The State of Wisconsin agreed to settle a class action lawsuit, J.J. vs. Litscher, brought against the Lincoln Hills and Copper Lake youth prisons. The young plaintiffs in the case challenged abusive practices such as solitary confinement and use of pepper spray, and were represented by the ACLU of Wisconsin, Juvenile Law Center and pro bono attorneys at Quarles & Brady. This settlement, pending court approval, comes a few months after the state of Wisconsin passed legislation to close the controversial facilities by 2021.
“I am happy that the children will no longer be subject to such cruel treatment,” said Gloria Norwood, the grandmother of one of the youth at Lincoln Hills. “I was very concerned by the unfair treatment of my grandson and the other children, especially the harmful use of pepper spray and solitary confinement. Thank you to everyone involved in looking out for these kids, and trying to help improve their situation. I am glad that more positive things are coming for these kids.”
“We applaud the bravery of the youth and families who came forward to share their experiences, speak out against the appalling conditions to which they were subjected, and advocate for the rights of all youth in Lincoln Hills and Copper Lake,” said Sharlen Moore, co-founder of Youth Justice Milwaukee.
Key terms of the settlement include the following agreements:
- Punitive solitary confinement will phase out and will be fully eliminated within 10 months of court approval of the settlement.
- All other forms of solitary confinement will be strictly limited.
- The use of pepper spray will be phased out and will be fully eliminated within 12 months of court approval.
- All forms of mechanical restraints, such as belly chains or handcuffs, will be strictly limited, and youth will not be cuffed to fixed objects like tables. Their use will be the exception, not the rule.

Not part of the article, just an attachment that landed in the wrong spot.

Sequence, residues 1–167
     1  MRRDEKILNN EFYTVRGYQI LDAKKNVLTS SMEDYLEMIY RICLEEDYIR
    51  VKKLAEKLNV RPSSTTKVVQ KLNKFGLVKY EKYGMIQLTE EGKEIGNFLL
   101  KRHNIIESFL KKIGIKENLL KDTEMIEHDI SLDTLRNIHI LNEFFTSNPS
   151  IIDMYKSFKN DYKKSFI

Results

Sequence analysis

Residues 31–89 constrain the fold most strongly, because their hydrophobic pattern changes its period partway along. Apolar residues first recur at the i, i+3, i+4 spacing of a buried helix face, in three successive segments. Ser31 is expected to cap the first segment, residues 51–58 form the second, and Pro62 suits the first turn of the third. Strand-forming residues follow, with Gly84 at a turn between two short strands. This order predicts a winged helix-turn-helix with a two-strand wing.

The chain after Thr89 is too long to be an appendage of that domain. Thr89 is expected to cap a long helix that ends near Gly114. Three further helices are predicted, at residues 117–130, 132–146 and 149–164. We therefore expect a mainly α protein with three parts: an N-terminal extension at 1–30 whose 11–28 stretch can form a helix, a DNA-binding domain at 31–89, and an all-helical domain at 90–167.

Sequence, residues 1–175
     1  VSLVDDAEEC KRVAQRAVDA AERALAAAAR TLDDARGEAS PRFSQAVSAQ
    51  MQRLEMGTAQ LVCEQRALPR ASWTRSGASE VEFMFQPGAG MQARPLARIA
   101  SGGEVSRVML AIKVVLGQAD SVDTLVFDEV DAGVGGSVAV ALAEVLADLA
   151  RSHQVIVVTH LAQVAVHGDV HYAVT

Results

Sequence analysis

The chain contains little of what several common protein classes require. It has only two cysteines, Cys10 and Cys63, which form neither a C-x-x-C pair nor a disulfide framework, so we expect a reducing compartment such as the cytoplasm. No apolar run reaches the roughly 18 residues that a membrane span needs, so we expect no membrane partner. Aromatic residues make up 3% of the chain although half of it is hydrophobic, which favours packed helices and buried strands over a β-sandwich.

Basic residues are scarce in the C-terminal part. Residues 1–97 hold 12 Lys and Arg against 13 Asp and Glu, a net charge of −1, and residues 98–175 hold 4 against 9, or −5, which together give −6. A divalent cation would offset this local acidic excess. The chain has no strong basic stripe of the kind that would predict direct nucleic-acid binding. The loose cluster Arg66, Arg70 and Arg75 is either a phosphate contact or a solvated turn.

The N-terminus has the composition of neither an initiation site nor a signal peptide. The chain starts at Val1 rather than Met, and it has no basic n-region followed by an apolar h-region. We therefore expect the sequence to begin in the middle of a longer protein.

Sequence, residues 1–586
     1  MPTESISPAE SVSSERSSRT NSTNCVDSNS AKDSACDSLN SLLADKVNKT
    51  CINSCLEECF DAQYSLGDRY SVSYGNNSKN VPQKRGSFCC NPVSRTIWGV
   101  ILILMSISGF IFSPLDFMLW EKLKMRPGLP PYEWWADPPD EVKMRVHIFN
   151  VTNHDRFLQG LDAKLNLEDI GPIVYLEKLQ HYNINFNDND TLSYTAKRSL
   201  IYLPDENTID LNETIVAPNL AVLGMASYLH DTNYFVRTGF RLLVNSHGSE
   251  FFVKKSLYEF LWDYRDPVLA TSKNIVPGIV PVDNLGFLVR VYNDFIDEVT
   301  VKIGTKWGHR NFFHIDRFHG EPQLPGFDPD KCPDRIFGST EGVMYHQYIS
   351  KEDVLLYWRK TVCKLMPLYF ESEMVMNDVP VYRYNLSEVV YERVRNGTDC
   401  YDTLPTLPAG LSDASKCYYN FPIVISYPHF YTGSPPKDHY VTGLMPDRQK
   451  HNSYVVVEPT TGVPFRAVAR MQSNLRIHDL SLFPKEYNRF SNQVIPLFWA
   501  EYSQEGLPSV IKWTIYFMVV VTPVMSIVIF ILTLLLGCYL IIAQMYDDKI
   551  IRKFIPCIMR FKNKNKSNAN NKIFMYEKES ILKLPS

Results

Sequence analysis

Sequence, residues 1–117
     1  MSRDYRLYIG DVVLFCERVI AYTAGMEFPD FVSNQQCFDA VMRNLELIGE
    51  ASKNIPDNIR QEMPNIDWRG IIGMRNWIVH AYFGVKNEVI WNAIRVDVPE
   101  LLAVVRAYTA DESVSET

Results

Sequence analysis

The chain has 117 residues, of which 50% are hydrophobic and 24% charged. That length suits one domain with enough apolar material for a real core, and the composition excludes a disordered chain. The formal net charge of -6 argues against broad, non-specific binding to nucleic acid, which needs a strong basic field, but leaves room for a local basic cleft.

- No strip searches will be conducted without individualized probable cause.
- Within 3 months of court approval of the settlement, all facility staff will receive de-escalation training by a nationally recognized provider.
- A monitor – an individual with expertise in juvenile corrections – will visit the prisons, interview youth, and review records to ensure that Lincoln Hills and Copper Lake follow the terms of the settlement.
“While biggest step forward for youth is the closure of Lincoln Hills and Copper Lake, today’s settlement is also an important win,” said Jessica Feierman, Associate Director of Juvenile Law Center. “The agreement establishes crucial safeguards against the harms of solitary confinement, restraints, pepper spray, and strip searches.”
“This is a major step in the right direction for Wisconsin and the protection of children in the custody of the state,” said Timothy Muth staff attorney of ACLU of Wisconsin. “We hope this settlement and the closure of Lincoln Hills and Copper Lake signals a larger shift in Wisconsin’s juvenile justice system toward an approach that recognizes the unique needs and vulnerabilities of youth and respects their constitutional rights. We'll need to remain vigilant to ensure that shift comes to fruition.”
The ACLU of Wisconsin is a non-profit, non-partisan, private organization whose 24,000 members support its efforts to defend the civil rights and liberties of all Wisconsin residents. For more on the ACLU of Wisconsin, visit our website at www.aclu-wi.org, like us on Facebook or follow us on Twitter at @ACLUofWisconsin
Founded in 1975, Juvenile Law Center is the first non-profit, public interest law firm for children in the country. We fight for youth through litigation, appellate advocacy and submission of amicus (friend-of-the-court) briefs, policy reform, public education, training, consulting, and strategic communications. Widely published and internationally recognized as leaders in the field, Juvenile Law Center has substantially shaped the development of law and policy on behalf of youth. We strive to ensure that laws, policies, and practices affecting youth advance racial and economic equity and are rooted in research, consistent with children’s unique developmental characteristics, and reflective of international human rights values. For more information about Juvenile Law Center’s work, visit www.JLC.org.